It's impossible to have a list of women in motorsport and not have Jutta Kleinschmidt feature in it. Back in 1988, Kleinschmidt was just another competitor in the Dakar Rally. That particular year she was competing in the event on a motorcycle, something she continued to do till 1994. For the 1994 season, however, she made the switch to cars.
Jutta Kleinschmidt remains the only woman to have ever won the Dakar Rally
It was something that suited her, clearly. A couple of years of driving around in the dunes and she had improved her skill immensely, proving to be a force to reckon with. In fact, she became the first woman to win a stage in the Dakar in 1997. The following year she was the first woman to make it to the podium at the Dakar. And then, in 2001, Jutta Kleinschmidt, navigated by Andreas Schulz, became the first and only woman to win the dreaded Dakar Rally. Respect.
Engineering and team management:
She might not be a driver, but Leena Gade's role within motorsport is extremely critical. If she hadn't been Audi's race engineer at Le Mans, we suspect the trio of Treluyer, Lotterer and Fassler might not have three Le Mans wins to their name. Gade grew up in the United Kingdom in the eighties. It was a time when it was hard not to be interested in Formula 1, what with Ayrton Senna really captivating the entire world, and Nigel Mansell holding the attention of Britishers. But there was also an interest in taking things apart and putting them back together that Gade had from a rather young age. She got herself a degree in aerospace engineering and then began applying to F1 teams, although all she managed to get for her pains were rejection letters.
Leena Gade and drivers Benoit Treluyer, Andre Lotterer and Marcel Fassler with their trophy after winning the 24 Hours of Le Mans
But she worked her way up through the various rungs of Formula racing, until eventually in 2007, Audi gave her a chance. Since then there's been no looking back for Gade. Her car won Le Mans in 2011 and followed it up with victory at the race in 2012 as well. In 2014, they managed to take their third 24 Hours of Le Mans win, along with claiming the title in the World Endurance Championship. Gade eventually took over as the head of Bentley's motorsport activities for a while. She then made the switch to the SPM IndyCar outfit. However, despite trying hard to come to terms with the challenges of oval racing, the fact that her driver didn't qualify for the Indy500 meant that the team and her parted ways. That still doesn't take away from the fact that Gade is undoubtedly one of the most successful road racing engineers in the world.
Between 2012 and 2017, Monisha Kaltenborn was one of the most significant women in the Formula 1 paddock, heading the Sauber F1 team. The Dehradun-born lawyer worked her way up the ranks at the Sauber F1 team since 2010, when she took over as the CEO of the Swiss-based F1 operation. And when founder and team principal of Sauber, Peter Sauber retired from his role as team principal, Monisha assumed the mantle.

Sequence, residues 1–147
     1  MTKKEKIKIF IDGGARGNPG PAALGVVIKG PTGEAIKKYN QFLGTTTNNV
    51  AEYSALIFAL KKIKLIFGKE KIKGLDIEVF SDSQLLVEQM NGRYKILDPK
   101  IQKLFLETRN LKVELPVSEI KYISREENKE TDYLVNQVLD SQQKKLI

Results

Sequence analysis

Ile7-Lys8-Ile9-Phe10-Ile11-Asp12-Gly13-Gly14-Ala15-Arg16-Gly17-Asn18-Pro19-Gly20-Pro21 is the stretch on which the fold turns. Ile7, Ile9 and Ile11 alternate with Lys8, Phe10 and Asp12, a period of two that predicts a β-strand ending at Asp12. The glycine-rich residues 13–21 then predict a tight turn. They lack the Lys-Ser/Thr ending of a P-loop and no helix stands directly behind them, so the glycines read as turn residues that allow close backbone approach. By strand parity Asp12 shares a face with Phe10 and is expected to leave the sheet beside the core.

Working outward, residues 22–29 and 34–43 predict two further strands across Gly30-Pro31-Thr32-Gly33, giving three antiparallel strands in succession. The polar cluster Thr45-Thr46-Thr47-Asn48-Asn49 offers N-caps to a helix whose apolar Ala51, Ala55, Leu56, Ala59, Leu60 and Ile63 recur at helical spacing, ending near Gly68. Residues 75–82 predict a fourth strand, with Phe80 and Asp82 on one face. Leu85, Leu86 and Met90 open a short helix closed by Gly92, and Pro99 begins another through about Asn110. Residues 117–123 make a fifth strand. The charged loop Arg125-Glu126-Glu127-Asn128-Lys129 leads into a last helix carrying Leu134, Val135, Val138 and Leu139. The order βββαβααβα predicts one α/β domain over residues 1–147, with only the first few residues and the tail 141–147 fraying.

Former Sauber F1 team principal - Monisha Kaltenborn
This, of course, made her the first female team principal in Formula 1. While Kaltenborn hasn't been associated with the Sauber team since June 2017, she returned to motorsport in 2018 with the KDC Racing team, a joint venture that saw her partner French-Monegasque businesswoman Emily di Comberti. However, a few months after the team's launch, financial matters arose, as a result of which the team folded.
Currently, the most powerful woman in Formula 1 is probably Claire Williams, who is the deputy team principal of Rokit Williams Racing. A team that is struggling right now, but one that we are rooting for.
Indian women in motorsport:
Navaz Bhathena is very likely the quickest woman in all of India. Sure there might be women who have raced in the country in more recent times, but Navaz still comes to mind as one of the most skilled female racers that the country has produced. And as one of her more recent guest driver stints proved, her years away from actively rallying and racing haven't made her any slower. Back when she'd just managed to get her driver's licence, Navaz's brother decided she simply must race. So she did, winning her first event too. When she made her rally debut at the MASA rally in 1987, despite several mishaps, she was awarded the rookie of the rally trophy. And in the years that followed, she gave the boys tough competition. In fact she was so good that she even got a sponsored rally drive in a Mitsubishi Starion in Europe. She might have hung up her rallying shoes some years ago. But there's no denying her speed and ability in a racecar and rally car alike.
Aishwarya Pissay is currently competing in the FIM Bajas World Cup season opener in Dubai
There are other Indian women beginning to make a mark in motorsport, with Aishwarya Pissay off competing in the FIM Bajas World Cup right now, and Mira Erda hoping to make a mark in the world of single-seater racing.